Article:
the "hollywood on the tiber" era -- 6/26/17

Today's selection -- from Audrey Hepburn: A Charmed Life by Robyn Karney. In 1953, a 24-year-old actress named Audrey Hepburn burst onto the scene as star of the worldwide hit movie Roman Holiday. The film was made in the so-called "Hollywood on the Tiber" era, when American studios filmed movies abroad both to take advantage of low costs and to use "frozen funds" -- profits from American films that foreign governments barred from export. Filmed on location in Rome with co-star Gregory Peck, Hepburn stars as a young British princess on a tour of Europe who longs to escape the stifling regimen of her duties. But making the movie was difficult, with temperatures reaching 104 degrees and the director sometimes requiring 60 takes of a single scene:

"Signed at a fee of $12,500, ... Hepburn left for Rome and a baptism of what seemed literally fire in the intense August heat. ...[For director William] Wyler ... it was a case of the company being one big happy family, having a wonderful time amidst the architectural glories of the city, with the director relishing the fluidity of location work. And, indeed, the respect and affection that prevailed among the protagonists did make for a happy shoot, with Peck, famously, contacting his agent to insist that Audrey be given equal billing. It was a well-judged generosity on the part of a mega-star, and the beginning of a lifelong friendship throughout which Peck remained devoted to his one-time leading lady. ...

Audrey Hepburn and Gregory Peck on the set of Roman Holiday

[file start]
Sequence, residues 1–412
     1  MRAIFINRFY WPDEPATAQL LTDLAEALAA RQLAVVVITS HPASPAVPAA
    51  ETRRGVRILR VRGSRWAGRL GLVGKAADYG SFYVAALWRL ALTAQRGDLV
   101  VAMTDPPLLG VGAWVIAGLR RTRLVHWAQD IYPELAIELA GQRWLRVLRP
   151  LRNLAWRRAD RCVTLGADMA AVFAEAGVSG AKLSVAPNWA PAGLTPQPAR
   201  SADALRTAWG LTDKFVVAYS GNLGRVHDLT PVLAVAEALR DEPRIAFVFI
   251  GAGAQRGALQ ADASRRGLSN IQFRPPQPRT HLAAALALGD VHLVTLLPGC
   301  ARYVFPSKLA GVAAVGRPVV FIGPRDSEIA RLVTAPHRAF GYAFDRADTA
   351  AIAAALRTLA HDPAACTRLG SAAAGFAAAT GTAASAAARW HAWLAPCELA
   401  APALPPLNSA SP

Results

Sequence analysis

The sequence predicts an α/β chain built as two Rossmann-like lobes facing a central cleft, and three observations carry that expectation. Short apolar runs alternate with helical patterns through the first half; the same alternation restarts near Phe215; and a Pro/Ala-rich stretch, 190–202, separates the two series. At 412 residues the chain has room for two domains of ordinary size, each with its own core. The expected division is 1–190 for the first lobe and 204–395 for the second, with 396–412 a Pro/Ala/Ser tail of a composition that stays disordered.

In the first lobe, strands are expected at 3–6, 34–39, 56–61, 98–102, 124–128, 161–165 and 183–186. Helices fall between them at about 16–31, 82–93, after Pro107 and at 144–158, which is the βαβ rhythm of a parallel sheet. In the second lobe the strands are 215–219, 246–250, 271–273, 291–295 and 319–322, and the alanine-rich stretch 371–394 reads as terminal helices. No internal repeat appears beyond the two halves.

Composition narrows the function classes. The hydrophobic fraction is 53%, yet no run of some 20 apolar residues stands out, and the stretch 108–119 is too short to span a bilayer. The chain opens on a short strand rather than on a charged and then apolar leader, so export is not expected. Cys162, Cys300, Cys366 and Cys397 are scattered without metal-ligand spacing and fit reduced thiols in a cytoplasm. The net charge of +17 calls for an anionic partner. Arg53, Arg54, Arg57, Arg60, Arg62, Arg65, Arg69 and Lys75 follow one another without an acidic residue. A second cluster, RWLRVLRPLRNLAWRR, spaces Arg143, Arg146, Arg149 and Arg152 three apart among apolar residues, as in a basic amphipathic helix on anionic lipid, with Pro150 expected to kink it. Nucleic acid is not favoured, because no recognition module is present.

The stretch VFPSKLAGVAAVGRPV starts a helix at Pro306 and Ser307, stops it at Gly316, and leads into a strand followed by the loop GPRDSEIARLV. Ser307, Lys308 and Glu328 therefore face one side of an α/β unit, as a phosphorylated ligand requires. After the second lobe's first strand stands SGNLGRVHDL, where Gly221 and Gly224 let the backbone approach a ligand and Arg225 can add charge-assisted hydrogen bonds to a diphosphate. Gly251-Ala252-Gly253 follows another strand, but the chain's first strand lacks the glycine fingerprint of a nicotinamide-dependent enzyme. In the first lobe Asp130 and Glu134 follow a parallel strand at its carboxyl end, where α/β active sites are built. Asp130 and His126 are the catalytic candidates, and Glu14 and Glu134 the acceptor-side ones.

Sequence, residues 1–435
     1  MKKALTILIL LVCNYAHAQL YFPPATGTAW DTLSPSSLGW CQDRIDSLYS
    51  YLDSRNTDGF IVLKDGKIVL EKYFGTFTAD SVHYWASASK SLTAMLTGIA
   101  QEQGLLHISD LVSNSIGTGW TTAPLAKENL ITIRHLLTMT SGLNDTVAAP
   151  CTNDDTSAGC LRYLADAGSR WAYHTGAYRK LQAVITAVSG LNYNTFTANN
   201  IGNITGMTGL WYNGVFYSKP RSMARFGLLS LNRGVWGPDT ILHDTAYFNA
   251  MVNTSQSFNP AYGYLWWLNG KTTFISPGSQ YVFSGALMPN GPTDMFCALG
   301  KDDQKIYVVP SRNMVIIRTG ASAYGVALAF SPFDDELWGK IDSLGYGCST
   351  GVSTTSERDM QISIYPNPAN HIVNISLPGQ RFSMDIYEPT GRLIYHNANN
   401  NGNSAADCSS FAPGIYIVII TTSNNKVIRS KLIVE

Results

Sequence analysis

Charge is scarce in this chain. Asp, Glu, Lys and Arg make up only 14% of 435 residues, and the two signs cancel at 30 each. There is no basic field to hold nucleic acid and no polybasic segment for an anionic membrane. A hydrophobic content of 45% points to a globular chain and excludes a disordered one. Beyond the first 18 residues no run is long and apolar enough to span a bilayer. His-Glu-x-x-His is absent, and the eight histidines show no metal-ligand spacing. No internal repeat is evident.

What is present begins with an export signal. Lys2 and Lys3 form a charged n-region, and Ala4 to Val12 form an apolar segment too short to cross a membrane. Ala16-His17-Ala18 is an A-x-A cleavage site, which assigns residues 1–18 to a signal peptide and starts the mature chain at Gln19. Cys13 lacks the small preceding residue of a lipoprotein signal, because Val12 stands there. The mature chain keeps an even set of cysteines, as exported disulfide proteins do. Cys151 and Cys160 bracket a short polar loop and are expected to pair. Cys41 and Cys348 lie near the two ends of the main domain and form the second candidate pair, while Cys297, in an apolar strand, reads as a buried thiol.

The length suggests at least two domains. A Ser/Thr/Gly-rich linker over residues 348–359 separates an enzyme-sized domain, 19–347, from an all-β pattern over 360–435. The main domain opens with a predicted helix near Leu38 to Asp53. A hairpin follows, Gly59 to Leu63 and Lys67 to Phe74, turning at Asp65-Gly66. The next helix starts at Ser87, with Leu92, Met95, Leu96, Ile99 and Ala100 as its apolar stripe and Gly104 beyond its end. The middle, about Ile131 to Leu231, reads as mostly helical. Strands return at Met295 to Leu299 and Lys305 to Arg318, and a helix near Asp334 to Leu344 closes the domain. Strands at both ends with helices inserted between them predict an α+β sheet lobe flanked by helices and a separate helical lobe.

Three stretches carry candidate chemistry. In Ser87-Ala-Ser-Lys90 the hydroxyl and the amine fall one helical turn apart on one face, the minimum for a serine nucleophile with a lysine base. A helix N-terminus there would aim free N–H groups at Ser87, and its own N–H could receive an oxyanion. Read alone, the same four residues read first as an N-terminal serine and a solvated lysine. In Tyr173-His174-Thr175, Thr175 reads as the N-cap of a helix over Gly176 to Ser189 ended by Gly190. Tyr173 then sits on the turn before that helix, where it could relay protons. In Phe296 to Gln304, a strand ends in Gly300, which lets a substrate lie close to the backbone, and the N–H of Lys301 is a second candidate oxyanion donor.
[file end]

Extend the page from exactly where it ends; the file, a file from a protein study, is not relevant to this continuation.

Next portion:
"But if enthusiasm for the film was high, the mechanics of making it were something of an ordeal. As actors and crew threaded their way along the banks of the Tiber, in and out of sidewalk cafes, up and down the Spanish Steps and to set-ups that included the Forum, the Castel Sant' Angelo and the Colosseum, they had to contend with Roman traffic, Roman street sounds, and hordes of voluble and enthusiastic Roman spectators...

"For Peck the difficulties of filming were compounded by the fact that he was in the throes of marital crisis. Although he, his wife Greta, and their sons were together in a rented villa for a good deal of the time, the couple would part soon after the completion of the film. A professional to his fingertips, and a gentleman, he did not allow his private problems to intrude on his work or to affect his seemingly effortless performance, which marked a long-desired excursion into comedy.

Spanish Steps Colosseum

"But above all other problems, it was the heat -- relentless, burning, stifling -- that turned the summer months into a survival course. Make-up melted and ran down the actors' faces, requiring them to be washed down frequently; in the scene where Princess Anne awakes, the temperature in the palace boudoir rose to an intolerable 104 degrees, melting the candles in the wall brackets. For Audrey, thin, fragile, and accustomed to cooler northern climates, it was a nightmare. She, who could ill afford lack of nourishment, ate little. More often than not, shooting began at first light and continued through to midnight or beyond. Nothing, however, daunted Wyler, who, conditions and the fatigue of his stars nothwithstanding, wielded the whip in his usual manner, demanding take after take, sometimes as many as sixty in an afternoon. ...

"His efforts, coupled with Audrey's inner qualities, quick intelligence and hard work, paid off. When the director saw the rushes, he had 'that rare gut feeling that I was witnessing something very special indeed. She was a princess ... But she was also every eager young girl who has ever come to Rome for the first time, and she reacted with so natural and spontaneous an eagerness that I, crusty veteran that I was, felt tears in my eyes watching her ... I knew that very soon the entire world would fall in love with her, as all of us on the picture did.' "



Robyn Karney


Audrey Hepburn: A Charmed Life


Arcade Publishing


Copyright 1993, 2012 by Robyn Karney


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